• the # of clicks to tweet
  • # of successful tweets
  • the average reach of these messages
  • # of retweets
  • the number of click-throughs to landing URL

Reach: not directly available, but Twitterfon (one of the places where Twitter Sparq ads can appear) has been downloaded over 1 million times and reports over 200,000 daily users; and the PowerTwitter Firefox Add-on has been downloaded over 200,000 times

TwitterHawk - Cost Per Tweet

"TwitterHawk is a real time targeted marketing engine that will find people talking on twitter now by your chosen topic and location, allowing you to really hit your target mid conversation with ease." (From TwitterHawk's site). Basically, you enter in your target keywords and when TwitterHawk searches Twitter and finds Tweets containing your keywords, you are able to reply back to those users with a relevant message (tweet). This could be perceived as spam, so extra care must be taken. Here's an interesting video of Jeff Ferguson, Director of Online Marketing for Napster, talking about his experience with TwitterHawk, and how he handled a user who initially perceived his campaign as spam.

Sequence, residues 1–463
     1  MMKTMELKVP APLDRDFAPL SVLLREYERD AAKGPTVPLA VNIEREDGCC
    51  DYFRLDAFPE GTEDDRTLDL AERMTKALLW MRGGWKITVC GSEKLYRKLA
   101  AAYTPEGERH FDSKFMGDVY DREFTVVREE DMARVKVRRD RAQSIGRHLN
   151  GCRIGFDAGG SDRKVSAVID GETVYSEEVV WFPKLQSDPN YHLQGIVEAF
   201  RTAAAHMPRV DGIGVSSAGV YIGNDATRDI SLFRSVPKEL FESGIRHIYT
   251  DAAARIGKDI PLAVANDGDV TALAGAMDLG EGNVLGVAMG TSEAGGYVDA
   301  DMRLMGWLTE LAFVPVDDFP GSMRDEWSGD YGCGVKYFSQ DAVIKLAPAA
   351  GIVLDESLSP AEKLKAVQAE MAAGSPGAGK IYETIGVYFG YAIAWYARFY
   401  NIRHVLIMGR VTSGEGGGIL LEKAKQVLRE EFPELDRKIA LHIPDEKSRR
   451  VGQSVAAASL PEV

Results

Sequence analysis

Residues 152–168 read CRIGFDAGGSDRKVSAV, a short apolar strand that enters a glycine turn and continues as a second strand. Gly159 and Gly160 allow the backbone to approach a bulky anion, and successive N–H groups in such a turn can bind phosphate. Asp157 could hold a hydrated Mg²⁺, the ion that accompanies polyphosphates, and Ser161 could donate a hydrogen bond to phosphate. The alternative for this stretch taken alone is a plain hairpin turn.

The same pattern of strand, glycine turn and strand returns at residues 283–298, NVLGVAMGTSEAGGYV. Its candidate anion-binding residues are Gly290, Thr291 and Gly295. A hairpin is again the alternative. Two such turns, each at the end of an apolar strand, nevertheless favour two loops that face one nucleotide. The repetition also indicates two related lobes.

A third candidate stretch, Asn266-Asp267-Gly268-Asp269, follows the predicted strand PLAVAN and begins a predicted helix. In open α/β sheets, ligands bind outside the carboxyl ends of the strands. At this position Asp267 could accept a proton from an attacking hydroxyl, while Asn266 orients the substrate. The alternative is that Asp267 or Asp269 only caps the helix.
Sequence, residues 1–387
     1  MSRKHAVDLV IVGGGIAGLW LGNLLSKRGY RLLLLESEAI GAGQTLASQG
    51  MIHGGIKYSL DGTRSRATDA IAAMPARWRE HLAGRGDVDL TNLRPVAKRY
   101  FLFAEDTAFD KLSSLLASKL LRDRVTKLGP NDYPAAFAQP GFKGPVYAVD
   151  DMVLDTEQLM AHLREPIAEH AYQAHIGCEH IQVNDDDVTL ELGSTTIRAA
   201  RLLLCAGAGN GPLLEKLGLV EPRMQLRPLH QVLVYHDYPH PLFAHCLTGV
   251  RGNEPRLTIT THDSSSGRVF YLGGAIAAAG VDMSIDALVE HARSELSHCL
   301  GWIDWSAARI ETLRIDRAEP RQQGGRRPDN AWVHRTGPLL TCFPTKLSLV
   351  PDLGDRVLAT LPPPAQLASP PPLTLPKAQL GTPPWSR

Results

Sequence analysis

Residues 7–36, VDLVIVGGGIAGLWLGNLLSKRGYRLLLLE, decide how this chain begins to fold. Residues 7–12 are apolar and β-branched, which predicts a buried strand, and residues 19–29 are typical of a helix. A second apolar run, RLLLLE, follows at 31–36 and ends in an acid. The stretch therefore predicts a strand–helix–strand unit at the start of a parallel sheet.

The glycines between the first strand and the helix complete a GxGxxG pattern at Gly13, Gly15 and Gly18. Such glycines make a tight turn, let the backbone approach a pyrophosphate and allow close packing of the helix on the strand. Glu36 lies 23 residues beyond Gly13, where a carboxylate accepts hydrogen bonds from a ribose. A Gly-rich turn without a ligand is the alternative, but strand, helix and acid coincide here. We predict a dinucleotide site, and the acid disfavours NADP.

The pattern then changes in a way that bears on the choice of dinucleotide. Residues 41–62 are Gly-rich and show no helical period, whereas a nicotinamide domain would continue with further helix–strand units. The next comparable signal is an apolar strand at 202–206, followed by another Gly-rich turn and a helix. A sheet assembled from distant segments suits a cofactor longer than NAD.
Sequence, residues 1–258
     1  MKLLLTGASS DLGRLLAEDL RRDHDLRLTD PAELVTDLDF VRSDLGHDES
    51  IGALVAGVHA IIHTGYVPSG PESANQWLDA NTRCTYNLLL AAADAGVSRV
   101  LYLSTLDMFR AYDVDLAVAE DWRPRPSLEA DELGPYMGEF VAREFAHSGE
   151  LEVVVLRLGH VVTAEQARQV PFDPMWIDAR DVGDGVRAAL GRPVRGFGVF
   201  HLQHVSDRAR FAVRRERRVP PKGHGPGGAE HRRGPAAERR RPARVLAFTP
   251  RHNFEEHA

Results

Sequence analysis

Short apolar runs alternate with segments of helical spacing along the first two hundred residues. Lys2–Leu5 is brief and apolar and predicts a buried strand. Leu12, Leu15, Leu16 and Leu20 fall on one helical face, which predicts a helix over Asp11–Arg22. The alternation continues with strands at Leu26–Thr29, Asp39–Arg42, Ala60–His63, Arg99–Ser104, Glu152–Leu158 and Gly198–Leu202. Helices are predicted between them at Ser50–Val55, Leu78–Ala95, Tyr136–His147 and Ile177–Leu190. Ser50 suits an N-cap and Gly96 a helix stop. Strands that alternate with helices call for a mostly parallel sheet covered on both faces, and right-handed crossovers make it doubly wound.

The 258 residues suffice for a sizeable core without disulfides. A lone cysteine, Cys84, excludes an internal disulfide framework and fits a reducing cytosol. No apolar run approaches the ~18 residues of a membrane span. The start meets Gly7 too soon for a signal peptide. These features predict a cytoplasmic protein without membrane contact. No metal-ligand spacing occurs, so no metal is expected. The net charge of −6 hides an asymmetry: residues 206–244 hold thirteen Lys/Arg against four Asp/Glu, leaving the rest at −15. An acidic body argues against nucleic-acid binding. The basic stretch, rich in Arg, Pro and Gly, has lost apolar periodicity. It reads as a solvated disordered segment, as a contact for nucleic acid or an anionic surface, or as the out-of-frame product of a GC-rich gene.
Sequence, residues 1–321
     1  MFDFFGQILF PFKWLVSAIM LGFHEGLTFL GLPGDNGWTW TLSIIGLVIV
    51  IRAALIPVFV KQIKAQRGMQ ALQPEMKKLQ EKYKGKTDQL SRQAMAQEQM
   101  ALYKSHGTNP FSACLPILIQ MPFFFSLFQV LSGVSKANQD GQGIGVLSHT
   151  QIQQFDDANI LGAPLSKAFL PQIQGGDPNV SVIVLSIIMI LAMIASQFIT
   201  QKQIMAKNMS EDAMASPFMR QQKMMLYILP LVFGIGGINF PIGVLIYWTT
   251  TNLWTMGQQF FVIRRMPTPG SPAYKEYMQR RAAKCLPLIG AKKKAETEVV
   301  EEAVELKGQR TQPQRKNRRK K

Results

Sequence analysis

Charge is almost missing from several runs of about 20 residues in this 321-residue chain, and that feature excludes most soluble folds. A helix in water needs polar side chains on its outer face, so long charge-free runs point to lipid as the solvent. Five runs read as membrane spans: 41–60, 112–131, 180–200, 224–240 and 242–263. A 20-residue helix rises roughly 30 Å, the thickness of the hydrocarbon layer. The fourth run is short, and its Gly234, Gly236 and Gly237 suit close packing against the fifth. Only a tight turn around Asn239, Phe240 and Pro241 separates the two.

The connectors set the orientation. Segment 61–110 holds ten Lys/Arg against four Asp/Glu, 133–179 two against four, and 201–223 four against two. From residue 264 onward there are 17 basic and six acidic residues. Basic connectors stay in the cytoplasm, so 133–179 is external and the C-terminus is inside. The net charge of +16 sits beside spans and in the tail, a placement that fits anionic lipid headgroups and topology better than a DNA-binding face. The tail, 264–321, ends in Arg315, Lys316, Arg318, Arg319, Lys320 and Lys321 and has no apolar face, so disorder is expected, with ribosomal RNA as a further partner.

Target by: Keywords (within tweets)
Pricing Model: Cost Per Tweet (Max: $.05)

  • Clicks
  • Cost Per Click (CPC) - the site claims an average of $.02 actual CPC
Reach: Potentially over 20 million (# of unique Twitter visitors; ComScore -June 2009). NOTE: in order to avoid being perceived as spam, TwitterHawk limits the number of tweets you can send out to 1 per hour.

TweetBeep - Sponsorships

Think Google Alerts for Twitter. You input keywords and TweetBeep will send you emails throughout the day when your keywords appear in Tweets. 100 character text ads and an optional 50x50 or 100x50 image appear within the email alerts.
Target by: (I'm hoping to interview Michael Jensen regarding keyword-targeting options; though I do not believe this is available yet.)
Pricing Model: Daily, Weekly, Monthly Sponsorships (e.g. $49/day for one of up to 6 spots in the advertising rotation)
Reach: Over 24,000 Twitter users receiving over 60,000 email alerts per day

Facebook Social Ads - Cost Per Click, Cost Per Thousand
While traditional display ads can be purchased through Microsoft's advertising platform on CPM basis, Facebook also offers its highly-targeted social media ads (text headline, small pic and about 100-estimated characters of text) on a cost-per-thousand impressions (CPM) or cost-per-click (CPC) basis. These ads appear alongside profile pages.
Target by:
  • keyword
  • user age, sex, relationship status, workplace
  • geography, interests etc.